How Scrooge McDuck Helped Connecticut Detectives Solve a Murder

Crime
A blog about murder, theft, and other wickedness.
Sept. 12 2013 3:17 PM

How Scrooge McDuck Helped Connecticut Detectives Solve a Murder

Illustration by Robert Neubecker.

Illustration by Robert Neubecker

Name: Lorenza Christian

Alleged crime: Conspiracy to commit murder.

Fatal mistake: Leaving a cartoonishly obvious trail for cops to find and follow.

Advertisement

The circumstances: On July 13, a Hartford, Conn. man named Miguel Rodriguez was killed in a street-corner shooting that initially baffled police. Eventually, though, investigators came up with a lead: When he died, Rodriguez had been wearing a distinctive gold chain and medallion featuring the likeness of Scrooge McDuck, the Disney character known for his great wealth and avarice, and for his habit of bathing in a pool of gold coins. Though Scrooge McDuck-themed trinkets are a dime a dozen in Duckburg, they’re relatively rare in Hartford, and detectives theorized that finding the jewelry might help them find the killer.

Sure enough, the cops located the items at a local second-hand shop. And since Connecticut state law requires pawn and second-hand shops to record the names and addresses of the people with whom they do business, the cops were also able to locate the man who allegedly sold it: a habitual criminal named Lorenza Christian. From there, as David Owens at the Hartford Courant reports, it was only a matter of time before they linked the murder to Christian and an associate, Tyquan Turner, who was allegedly the one who pulled the trigger. Both men are currently being held on seven-figure bonds: a pittance for the world’s wealthiest duck, but a fortune for an uncautious schnook from Hartford.

How he could’ve been a lot smarter: Christian could have found a less obvious way of obtaining cash for gold, such as, I don’t know, going to one of the many, many shops in Connecticut that exist solely to offer cash for gold. Though Connecticut recently passed a bill requiring precious metals or stones dealers to keep a record of all people from whom they purchase goods, the law doesn’t go into effect until October 1. Christian could’ve sold the medallion without leaving a trace.

How he could’ve been a little smarter: Used some sort of false identity at the pawn shop. “Huey,” “Dewey,” or “Louie” would’ve done nicely.

How he could’ve been a little dumber: I guess Christian could’ve decided to just start wearing the medallion around in public. In one sense, this might have been smarter than selling it, since it wouldn’t have involved any paper trail. In another sense, though, is it ever really a smart decision when a grown man goes out in public wearing a big gold likeness of a children’s cartoon character?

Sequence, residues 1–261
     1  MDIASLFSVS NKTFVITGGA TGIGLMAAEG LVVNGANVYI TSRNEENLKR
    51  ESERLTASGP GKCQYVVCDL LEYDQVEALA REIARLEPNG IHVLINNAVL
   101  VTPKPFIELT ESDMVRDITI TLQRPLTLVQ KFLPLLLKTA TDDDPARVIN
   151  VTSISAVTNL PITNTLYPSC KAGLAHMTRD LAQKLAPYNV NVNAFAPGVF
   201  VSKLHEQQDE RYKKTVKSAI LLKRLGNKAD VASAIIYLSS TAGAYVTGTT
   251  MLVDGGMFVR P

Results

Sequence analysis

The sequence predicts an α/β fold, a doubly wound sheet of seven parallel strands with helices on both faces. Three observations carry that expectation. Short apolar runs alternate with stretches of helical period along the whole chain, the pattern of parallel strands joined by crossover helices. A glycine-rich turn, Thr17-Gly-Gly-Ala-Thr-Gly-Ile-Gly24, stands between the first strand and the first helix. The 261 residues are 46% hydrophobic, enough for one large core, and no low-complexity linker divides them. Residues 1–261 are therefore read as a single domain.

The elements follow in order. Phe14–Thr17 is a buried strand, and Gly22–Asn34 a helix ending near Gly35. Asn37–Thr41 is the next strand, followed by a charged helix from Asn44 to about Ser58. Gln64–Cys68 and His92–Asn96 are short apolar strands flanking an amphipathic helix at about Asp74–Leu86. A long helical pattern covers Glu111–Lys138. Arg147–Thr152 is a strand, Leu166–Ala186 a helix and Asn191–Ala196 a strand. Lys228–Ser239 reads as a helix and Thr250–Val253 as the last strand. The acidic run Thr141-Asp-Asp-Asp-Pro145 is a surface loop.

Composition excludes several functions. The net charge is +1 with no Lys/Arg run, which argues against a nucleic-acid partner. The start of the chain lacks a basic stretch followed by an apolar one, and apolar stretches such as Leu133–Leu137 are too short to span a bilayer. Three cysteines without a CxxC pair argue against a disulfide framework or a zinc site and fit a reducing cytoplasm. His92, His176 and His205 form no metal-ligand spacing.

How he could’ve been a lot dumber: He could have tried to blame the whole thing on those devious Beagle Boys.

Ultimate Dumbness Ranking (UDR): This wasn’t stupidity so much as carelessness. Christian should have listened to the sage advice contained in DuckTales’ very own theme song: “D-d-d-danger! Watch behind you! / There’s a stranger out to find you.” In his case, that stranger was a member of the Hartford Police Department. A smart criminal takes steps to make it harder for the cops to track him down. A dumb criminal makes it much, much easier. 5.5 out of 10 for Lorenza Christian.

Previous Dumb Criminals

Justin Peters is a writer for Slate. He is working on a book about Aaron Swartz, copyright, and the rise of “free culture.” Email him at justintrevett@fastmail.fm.

TODAY IN SLATE

The World

How Canada’s Shooting Tragedies Have Shaped Its Gun Control Politics

Where Ebola Lives Between Outbreaks

Gunman Killed Inside Canadian Parliament; Soldier Shot at National Monument Dies

Sleater-Kinney Was Once America’s Best Rock Band

Can it be again?

Paul Farmer: Up to 90 Percent of Ebola Patients Should Survive

Is he right?

Science

“I’m Not a Scientist” Is No Excuse

Politicians brag about their ignorance while making ignorant decisions.

Technology

Driving in Circles

The autonomous Google car may never actually happen.

In Praise of 13th Grade: Why a Fifth Year of High School Is a Great Idea 

PowerPoint Is the Worst, and Now It’s the Latest Way to Hack Into Your Computer

  News & Politics
The World
Oct. 22 2014 6:30 PM The Tragedies That Have Shaped Canada's Gun Politics
  Business
Continuously Operating
Oct. 22 2014 2:38 PM Crack Open an Old One A highly unscientific evaluation of Germany’s oldest breweries.
  Life
Gentleman Scholar
Oct. 22 2014 5:54 PM May I Offer to Sharpen My Friends’ Knives? Or would that be rude?
  Double X
The XX Factor
Oct. 22 2014 4:27 PM Three Ways Your Text Messages Change After You Get Married
  Slate Plus
Tv Club
Oct. 22 2014 5:27 PM The Slate Walking Dead Podcast A spoiler-filled discussion of Episodes 1 and 2.
  Arts
Brow Beat
Oct. 22 2014 4:10 PM Skinny Mark Wahlberg Goes for an Oscar: The First Trailer for The Gambler
  Technology
Future Tense
Oct. 22 2014 5:33 PM One More Reason Not to Use PowerPoint: It’s The Gateway for a Serious Windows Vulnerability
  Health & Science
Wild Things
Oct. 22 2014 2:42 PM Orcas, Via Drone, for the First Time Ever
  Sports
Sports Nut
Oct. 20 2014 5:09 PM Keepaway, on Three. Ready—Break! On his record-breaking touchdown pass, Peyton Manning couldn’t even leave the celebration to chance.